A  New Jersey Gun Violence Research Center study is the first to provide nationally representative data on gun use, storage and violence within Black and American Indian/Alaskan Native (AIAN) families. Both Black and native communities have seen increasingly elevated rates of gun violence victimization, including homicide and suicide, according to the Centers for Disease Control and Prevention. In recent years, minorities have become more represented among new firearm owners. Despite this, research on firearm access, storage and use has focused on samples of white adults. This prevents understanding the access Black and native individuals have to firearms, whether they are stored ...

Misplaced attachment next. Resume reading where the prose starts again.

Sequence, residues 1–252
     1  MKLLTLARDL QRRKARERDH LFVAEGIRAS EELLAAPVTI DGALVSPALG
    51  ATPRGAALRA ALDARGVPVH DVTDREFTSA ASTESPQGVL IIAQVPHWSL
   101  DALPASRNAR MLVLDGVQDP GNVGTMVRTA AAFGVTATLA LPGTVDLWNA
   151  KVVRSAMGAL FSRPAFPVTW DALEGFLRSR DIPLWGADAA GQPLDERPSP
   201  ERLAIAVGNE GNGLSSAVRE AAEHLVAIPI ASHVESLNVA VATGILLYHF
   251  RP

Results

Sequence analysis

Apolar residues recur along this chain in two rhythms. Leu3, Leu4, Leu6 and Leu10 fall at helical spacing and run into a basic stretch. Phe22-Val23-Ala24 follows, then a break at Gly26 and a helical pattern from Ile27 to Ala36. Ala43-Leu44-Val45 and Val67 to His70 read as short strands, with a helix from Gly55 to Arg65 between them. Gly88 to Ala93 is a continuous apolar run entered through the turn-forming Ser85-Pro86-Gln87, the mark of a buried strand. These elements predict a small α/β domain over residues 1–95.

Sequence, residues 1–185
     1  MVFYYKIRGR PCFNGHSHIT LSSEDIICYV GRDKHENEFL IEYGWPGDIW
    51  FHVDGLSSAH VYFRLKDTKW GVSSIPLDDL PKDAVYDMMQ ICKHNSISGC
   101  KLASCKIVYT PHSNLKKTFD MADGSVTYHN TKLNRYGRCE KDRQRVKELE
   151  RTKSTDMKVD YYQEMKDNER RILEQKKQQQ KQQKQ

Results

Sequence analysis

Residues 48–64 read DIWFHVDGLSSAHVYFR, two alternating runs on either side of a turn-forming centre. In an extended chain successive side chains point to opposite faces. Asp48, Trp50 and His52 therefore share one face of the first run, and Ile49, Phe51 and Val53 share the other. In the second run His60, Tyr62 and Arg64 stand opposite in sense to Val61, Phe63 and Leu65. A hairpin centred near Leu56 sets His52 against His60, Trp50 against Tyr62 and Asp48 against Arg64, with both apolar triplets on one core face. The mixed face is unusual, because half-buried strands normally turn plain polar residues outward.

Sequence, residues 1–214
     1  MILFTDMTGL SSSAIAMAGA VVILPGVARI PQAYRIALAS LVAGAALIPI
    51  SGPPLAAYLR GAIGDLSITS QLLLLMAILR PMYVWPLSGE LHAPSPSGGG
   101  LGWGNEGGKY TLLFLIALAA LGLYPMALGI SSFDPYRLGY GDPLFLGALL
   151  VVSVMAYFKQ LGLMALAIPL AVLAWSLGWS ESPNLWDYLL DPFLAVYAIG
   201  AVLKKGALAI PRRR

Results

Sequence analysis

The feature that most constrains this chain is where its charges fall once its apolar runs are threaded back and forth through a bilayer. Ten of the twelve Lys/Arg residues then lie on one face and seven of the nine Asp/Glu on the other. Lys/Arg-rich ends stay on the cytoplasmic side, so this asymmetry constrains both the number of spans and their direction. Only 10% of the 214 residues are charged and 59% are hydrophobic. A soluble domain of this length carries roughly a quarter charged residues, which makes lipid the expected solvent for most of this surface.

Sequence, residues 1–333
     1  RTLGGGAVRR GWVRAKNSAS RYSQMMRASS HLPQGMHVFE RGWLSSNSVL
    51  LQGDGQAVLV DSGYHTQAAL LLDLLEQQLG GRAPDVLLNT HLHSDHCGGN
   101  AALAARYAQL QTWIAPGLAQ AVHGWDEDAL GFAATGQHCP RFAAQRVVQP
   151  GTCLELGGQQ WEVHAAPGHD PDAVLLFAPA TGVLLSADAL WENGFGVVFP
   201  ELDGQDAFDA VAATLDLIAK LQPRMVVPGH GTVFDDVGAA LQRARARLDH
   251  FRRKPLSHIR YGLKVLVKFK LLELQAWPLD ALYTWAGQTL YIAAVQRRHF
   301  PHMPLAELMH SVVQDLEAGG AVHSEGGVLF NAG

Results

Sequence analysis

New AI smartphone tool accurately diagnoses ear infections

New AI smartphone tool accurately diagnoses ear infections
A new cellphone app developed by physician-scientists at UPMC and the University of Pittsburgh, which uses artificial intelligence (AI) to accurately diagnose ear infections, or acute otitis media (AOM), could help decrease unnecessary antibiotic use in young children, according to new research published today in JAMA Pediatrics. AOM is one of the most common childhood infections for which antibiotics are prescribed but can be difficult to discern from other ear conditions without intensive training. The new AI tool, which makes a diagnosis by assessing ...

Screen time and parent-child talk when children are ages 12 to 36 months